Retreat reveals challenges for immigrant women

One of the joys of working in the Office of Hispanic Ministry is that I have the opportunity to offer special spiritual programs for Hispanic immigrants. Our goal is to nourish their dire need to reconnect with their roots, to offer relief for their feelings of alienation and have an experience of Christ and of a church which welcomes them. This past March, I had the opportunity to provide a retreat for 20 immigrant women from different countries. The office rented a minibus and took the women to a house on the beach in Ocean City, which a generous benefactor had lent us for the weekend.

The retreat was intended to be a time of prayer, relaxation, and reflection on the deep query of, “Where is God in our immigration stories? We looked at the sacred Scriptures for answers and we found that time after time, God elected people, gave them a mission and sent them … somewhere else. Abraham left his land for the land that God would show to him. Moses took the people back to the land, involving in the process a great deal of walking. Would not it have been better, God, to use the local folks? Why did you want the foreigners to accomplish your mission? Then, Jesus came and said, go to ends of the world and announce the good news of salvation. Then he really put people on the move!

The women who came to the retreat responded to a simple invitation to come to participate in a free retreat for women to reflect on their immigrant stories in the light of faith and Scriptures. They were from a variety of countries of Latin America, and from different levels of education and social and economic backgrounds. There was one with a Ph.D. A few had one or two years of formal education, and the rest, everything in between. Some left their countries and got here walking through the desert. A couple came with special visas for their particular intellectual expertise, and others came as refugees. They came from the city and different counties of the archdiocese. We (myself and two other Hispanic women pastoral ministers) had a little apprehension that this diversity may hinder the familiarity that we wanted to create for the weekend. We had decorated the house with images of our countries and phrases of Scripture. We had the help of a Puerto Rican woman, who was going to fill up the house with aromas of homeland cooking, but still we might just be too different and the common ground of being all immigrants could prove insufficient.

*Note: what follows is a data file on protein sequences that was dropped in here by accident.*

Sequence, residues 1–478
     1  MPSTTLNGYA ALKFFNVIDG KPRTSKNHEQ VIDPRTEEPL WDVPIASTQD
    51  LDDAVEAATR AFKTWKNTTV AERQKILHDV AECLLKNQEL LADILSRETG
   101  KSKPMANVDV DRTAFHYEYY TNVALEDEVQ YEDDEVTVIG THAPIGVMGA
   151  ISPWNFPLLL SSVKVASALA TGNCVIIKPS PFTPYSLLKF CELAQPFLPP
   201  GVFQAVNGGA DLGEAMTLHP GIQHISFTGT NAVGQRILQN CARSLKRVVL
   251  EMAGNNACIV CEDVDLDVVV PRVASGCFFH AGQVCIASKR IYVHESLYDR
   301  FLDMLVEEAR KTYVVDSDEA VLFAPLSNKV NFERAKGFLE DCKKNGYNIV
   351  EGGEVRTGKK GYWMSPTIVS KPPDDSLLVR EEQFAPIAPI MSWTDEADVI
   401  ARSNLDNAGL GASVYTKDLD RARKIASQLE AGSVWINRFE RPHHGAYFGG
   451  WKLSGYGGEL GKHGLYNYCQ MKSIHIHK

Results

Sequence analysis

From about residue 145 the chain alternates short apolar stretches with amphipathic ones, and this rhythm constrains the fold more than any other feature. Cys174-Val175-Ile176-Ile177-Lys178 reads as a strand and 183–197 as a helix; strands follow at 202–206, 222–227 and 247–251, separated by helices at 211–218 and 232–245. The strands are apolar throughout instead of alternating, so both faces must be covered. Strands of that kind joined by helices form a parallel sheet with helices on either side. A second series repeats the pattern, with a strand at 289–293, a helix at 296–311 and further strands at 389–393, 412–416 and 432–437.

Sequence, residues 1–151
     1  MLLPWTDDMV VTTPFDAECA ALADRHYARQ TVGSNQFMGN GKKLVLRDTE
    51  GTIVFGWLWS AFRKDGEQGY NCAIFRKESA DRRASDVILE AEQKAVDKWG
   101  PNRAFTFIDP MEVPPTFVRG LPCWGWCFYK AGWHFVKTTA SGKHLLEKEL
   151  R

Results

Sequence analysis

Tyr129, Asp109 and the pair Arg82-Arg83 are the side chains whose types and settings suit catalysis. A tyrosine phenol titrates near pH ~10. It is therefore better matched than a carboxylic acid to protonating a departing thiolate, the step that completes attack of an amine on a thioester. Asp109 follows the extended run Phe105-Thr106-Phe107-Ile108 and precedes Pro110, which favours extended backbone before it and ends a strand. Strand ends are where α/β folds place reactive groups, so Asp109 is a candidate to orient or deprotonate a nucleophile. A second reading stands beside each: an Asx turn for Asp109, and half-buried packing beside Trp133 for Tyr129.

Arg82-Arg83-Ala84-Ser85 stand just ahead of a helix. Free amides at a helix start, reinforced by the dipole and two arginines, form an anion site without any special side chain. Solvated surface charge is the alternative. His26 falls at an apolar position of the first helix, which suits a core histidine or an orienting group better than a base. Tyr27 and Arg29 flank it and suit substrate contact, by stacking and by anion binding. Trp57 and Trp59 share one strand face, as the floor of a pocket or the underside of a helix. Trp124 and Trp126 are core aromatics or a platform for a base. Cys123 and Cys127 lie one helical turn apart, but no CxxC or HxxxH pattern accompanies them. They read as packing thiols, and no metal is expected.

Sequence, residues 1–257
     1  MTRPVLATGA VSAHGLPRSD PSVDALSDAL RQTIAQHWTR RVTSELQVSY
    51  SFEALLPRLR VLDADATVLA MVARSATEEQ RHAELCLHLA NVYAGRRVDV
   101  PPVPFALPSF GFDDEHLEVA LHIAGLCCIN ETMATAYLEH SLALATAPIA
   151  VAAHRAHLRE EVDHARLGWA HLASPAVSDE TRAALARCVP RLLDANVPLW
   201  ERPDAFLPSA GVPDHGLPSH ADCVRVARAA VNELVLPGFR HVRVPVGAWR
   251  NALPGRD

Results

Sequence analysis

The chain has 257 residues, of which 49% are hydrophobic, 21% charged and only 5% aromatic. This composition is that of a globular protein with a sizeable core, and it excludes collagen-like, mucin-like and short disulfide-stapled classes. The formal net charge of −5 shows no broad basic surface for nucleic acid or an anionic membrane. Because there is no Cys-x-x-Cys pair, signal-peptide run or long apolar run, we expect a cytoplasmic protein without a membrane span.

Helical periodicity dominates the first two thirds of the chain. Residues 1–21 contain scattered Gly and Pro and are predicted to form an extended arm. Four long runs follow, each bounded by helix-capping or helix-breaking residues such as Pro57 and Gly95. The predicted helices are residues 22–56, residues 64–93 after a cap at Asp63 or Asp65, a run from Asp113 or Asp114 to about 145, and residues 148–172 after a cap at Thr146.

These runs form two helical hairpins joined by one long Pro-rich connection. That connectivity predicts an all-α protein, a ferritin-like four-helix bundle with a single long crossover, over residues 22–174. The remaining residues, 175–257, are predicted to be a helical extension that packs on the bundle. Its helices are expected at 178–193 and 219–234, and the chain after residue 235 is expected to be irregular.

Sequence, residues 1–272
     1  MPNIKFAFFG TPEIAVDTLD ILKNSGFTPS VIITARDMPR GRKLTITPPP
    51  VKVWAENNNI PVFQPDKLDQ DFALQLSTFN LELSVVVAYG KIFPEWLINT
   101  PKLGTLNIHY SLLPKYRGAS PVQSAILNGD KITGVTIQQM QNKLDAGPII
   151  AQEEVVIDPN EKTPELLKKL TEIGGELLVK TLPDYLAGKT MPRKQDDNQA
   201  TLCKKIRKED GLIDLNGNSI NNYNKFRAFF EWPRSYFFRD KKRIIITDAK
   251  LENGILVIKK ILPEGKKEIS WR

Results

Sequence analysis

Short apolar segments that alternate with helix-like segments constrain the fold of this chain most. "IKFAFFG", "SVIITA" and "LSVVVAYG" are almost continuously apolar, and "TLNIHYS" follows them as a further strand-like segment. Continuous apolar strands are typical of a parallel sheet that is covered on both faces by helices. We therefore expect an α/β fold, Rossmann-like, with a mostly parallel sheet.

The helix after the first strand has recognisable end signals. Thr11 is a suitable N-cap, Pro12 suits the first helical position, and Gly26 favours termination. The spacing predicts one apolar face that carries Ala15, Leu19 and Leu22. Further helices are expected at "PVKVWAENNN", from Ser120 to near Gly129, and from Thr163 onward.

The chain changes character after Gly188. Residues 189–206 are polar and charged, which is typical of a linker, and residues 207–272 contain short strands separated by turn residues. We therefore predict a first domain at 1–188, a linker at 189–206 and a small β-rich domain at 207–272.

The “magic” of the weekend began in the bus, when it left the Catholic Center at 6 p.m. After they had finished the sandwiches and refreshments we had prepared for them, somebody opened up tamales and began sharing with others. People began laughing, singing and joking. By the time they got to the house in Ocean City, they were ready to start.

At the center of our immigrant stories, there was in us all a deep, mostly devastating story of suffering almost to death. Discounting our Ph.D., who came from success to more success, the stories were heartbreaking: We couldn’t feed our children. They would cry at night of hunger, and we did not have anything to give them. There were no jobs in our countries. The guerrillas displaced us. Drug traffickers were trying to kill my husband because he worked for the government. We went into hiding, but when we received threats against our children, we decided to leave … with nothing. Our children traveled in the plane to America hugging their favorite toy throughout the flight. We took nothing and left behind the most precious of all our treasures, our families, our friends, our community.

From the 20 of us, (minus our dear Ph.D.) nobody was able to tell their story without sobbing, and yet we were not a weak, defenseless group. We were women who have risked everything for our families, for our own futures. We have survived rape, starvation and domestic violence. We are working here as lions to provide for our families here and for our families left behind. We work long hours, take care of our children and still are incredibly generous with our time to serve in the church. Some may feel compassion for us and would lovingly offer us support (you know, inspired by those words of “love your neighbor, as I love you, and be merciful because I have been merciful with you”). Others would like to throw at us the heavy book of the law (administrative law by the way, not criminal law) and say to us “you do not have proper documents, and you don’t belong here. I will make your life so miserable that you better go back by yourself where you come from.” May God in his great goodness not put the second group under the same circumstances as we, las mujeres, because I am pretty sure that if they were under the same circumstances they would do just the same.

We, las mujeres, what we need most is the opportunity to develop our gifts, our desire to give of ourselves for others, beginning with our families and extending to the whole community and country. We have so much to give, and we want to give it freely as the Holy Father asked us to do this past April at the Nationals Park during his brief words in Spanish at the end of his homily: “Do not let yourselves be overcome by pessimism or inertia because of the problems. Rather, faithful to the commitments that you have acquired in your baptism, deepen each day in the knowledge of Christ and let your hearts be conquered by his love and forgiveness. Freely you have received it. Give it freely.”

Maria Johnson is director of the Office of Hispanic Ministry for the Archdiocese of Baltimore.

Catholic Review

The Catholic Review is the official publication of the Archdiocese of Baltimore.